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Imported politics spark riots

Belgrave Road, Leicester, here lit up for Diwali, was the site of some of the worst rioting. Photo Matt Preston (CC BY-SA 2.0).

Violence broke out in Leicester in September. This is the unwelcome result of Indian sub-continent politics coming to Britain – in a city where immigrants have settled and lived for decades, for the most part peacefully.

The religious and ethnic riots between Muslims and Hindus were triggered after the cricket match between Pakistan and India played in Dubai on 28 August, but had little to do with it. Over the following weeks the incidents escalated, both in the degree of violence and the extremity of the slogans.

Exaggerations and distortions spread through social media, much of it originating outside Britain, particularly from India, playing on existing tensions. The losers were the people of Leicester and Smethwick, where related violence broke out as well. 

Media reports showing people influenced by Hindutva, an extremist political ideology based in India, were active in the events. Many of those arrested for intimidating and attacking Muslims came from outside Leicester. Almost inevitably some Muslims attacked Hindus in retaliation. Muslim fundamentalists took over an originally peaceful protest outside Durga Bhavan Hindu Centre in Smethwick, calling for intimidation and more threats. Fortunately, religious leaders and others called for calm and dialogue on both sides.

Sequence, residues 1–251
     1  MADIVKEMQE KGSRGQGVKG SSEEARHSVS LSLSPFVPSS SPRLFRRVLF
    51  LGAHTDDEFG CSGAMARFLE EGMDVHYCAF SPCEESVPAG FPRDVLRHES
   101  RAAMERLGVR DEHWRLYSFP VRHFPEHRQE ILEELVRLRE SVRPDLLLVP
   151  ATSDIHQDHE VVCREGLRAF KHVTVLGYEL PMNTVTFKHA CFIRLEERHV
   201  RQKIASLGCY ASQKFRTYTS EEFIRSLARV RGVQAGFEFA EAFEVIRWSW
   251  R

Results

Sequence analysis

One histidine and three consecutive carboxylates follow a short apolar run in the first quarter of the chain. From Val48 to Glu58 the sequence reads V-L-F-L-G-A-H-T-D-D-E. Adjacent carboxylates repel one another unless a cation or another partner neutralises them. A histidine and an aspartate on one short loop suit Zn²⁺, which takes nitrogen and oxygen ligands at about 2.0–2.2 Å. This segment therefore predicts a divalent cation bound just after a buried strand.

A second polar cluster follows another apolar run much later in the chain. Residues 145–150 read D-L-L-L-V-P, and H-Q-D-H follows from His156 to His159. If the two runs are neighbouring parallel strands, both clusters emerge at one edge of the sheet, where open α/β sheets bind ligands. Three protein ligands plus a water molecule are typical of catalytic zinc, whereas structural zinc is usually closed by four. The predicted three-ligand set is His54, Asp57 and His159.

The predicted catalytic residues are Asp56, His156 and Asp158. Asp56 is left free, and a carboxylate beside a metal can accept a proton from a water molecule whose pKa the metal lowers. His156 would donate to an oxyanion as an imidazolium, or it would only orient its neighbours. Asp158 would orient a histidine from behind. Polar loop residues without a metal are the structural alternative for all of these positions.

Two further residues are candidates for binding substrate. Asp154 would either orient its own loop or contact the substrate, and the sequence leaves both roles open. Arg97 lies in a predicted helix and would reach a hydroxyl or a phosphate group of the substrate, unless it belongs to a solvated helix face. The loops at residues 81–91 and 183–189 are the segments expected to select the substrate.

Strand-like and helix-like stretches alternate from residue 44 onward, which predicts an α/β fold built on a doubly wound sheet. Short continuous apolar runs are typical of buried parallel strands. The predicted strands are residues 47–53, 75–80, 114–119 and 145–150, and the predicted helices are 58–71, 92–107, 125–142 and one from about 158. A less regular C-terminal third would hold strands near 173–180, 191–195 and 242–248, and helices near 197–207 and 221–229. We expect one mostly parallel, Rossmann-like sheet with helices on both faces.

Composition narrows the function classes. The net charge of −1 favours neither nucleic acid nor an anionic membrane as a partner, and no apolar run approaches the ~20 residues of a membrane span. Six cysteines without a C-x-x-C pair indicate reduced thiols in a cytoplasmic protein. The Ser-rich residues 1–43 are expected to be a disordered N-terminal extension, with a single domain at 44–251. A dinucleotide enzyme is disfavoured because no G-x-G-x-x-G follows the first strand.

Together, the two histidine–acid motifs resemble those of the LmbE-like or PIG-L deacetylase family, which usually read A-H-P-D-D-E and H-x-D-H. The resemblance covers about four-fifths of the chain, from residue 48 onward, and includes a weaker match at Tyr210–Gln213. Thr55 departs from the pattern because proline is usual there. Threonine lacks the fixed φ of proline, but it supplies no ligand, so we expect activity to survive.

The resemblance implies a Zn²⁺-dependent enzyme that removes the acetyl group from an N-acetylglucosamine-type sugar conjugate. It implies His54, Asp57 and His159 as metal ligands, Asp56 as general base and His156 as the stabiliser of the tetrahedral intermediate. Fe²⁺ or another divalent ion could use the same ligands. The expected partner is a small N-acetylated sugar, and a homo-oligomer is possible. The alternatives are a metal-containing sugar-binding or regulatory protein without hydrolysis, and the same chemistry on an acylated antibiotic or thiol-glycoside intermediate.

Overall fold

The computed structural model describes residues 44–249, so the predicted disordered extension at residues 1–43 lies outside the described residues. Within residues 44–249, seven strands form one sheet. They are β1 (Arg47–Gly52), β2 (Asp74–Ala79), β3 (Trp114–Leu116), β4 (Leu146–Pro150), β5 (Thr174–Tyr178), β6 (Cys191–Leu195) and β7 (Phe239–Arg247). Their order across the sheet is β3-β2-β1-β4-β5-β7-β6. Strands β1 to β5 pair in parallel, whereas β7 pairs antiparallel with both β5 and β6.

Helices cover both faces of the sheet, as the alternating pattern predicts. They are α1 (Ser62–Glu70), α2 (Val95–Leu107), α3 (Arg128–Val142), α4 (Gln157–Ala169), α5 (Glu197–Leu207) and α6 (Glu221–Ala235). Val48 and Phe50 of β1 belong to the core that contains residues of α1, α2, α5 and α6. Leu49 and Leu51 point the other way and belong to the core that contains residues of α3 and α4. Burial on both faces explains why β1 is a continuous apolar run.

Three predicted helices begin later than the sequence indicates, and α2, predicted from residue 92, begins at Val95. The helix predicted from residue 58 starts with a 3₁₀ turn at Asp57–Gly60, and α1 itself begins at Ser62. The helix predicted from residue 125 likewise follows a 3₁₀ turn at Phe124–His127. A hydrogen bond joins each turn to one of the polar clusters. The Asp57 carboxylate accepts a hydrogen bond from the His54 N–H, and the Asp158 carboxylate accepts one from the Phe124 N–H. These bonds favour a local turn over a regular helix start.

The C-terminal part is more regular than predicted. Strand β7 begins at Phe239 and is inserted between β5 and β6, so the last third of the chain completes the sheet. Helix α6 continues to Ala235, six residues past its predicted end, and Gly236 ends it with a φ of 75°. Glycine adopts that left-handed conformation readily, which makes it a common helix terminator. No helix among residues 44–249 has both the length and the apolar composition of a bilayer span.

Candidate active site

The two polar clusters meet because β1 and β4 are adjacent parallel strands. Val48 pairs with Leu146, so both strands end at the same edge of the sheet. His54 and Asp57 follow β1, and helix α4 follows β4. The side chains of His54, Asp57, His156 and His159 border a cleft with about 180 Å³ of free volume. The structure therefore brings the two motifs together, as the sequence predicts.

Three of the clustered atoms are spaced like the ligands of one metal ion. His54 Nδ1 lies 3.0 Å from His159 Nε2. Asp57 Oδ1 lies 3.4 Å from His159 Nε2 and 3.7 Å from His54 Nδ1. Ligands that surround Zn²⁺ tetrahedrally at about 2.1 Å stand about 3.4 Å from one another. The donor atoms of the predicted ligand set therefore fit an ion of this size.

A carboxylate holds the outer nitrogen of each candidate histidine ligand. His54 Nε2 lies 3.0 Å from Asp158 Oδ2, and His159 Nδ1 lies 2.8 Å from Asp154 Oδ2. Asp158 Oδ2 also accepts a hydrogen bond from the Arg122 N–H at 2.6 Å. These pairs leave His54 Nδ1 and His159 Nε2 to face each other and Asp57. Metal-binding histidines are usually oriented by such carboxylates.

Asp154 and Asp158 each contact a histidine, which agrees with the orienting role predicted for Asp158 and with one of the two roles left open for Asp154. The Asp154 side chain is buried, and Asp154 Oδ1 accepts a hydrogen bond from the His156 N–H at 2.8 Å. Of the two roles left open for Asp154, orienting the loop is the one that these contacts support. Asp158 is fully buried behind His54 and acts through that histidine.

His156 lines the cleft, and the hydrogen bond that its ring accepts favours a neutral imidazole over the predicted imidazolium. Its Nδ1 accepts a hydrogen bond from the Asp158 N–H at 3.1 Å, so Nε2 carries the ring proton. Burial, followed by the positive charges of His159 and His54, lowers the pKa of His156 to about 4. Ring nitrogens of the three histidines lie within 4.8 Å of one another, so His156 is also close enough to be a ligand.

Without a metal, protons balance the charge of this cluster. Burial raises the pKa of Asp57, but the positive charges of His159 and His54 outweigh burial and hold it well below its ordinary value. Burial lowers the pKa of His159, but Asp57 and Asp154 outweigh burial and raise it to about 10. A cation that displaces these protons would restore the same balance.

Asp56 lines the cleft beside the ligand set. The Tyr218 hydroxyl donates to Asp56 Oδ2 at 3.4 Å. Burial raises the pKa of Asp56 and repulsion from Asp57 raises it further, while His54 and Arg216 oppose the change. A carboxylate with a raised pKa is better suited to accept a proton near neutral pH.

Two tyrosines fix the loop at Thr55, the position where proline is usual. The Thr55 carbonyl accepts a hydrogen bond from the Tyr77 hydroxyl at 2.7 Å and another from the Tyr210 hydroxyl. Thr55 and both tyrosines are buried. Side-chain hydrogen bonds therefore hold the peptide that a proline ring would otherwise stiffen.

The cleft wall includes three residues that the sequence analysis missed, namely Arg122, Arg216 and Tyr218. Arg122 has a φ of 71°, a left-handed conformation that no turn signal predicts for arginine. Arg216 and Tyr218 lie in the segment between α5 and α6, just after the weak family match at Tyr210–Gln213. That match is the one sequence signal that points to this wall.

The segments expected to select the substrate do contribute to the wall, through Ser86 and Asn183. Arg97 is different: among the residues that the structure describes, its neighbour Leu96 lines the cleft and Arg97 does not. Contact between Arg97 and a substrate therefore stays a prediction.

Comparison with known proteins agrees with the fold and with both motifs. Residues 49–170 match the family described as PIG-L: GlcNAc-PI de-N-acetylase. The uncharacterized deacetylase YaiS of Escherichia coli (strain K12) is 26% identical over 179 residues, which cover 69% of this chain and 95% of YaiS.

Unhelpfully, both the Indian and Pakistani governments weighed in with sectarian statements. These countries are filled with feudal baggage and should not be spreading it into other sovereign nations.

Ethnic or religious ghettos have no place here. They feed on separatism and a lack of integration. But this is not only about foreign intervention.

Suella Braverman, then Home Secretary, blamed the riots on uncontrolled immigration and a lack of integration. Such views are shouted down by so-called liberals who espouse multiculturalism and call anyone racist for raising real problems of migration – or anyone who voted to leave the EU – and in so doing perpetuate and support division.

At least some people in Leicester are not buying that line. A local council by-election on 13 October saw a huge swing away from Labour. Its candidate was seen as partisan and was defeated by a Conservative – despite the ongoing crisis for the government.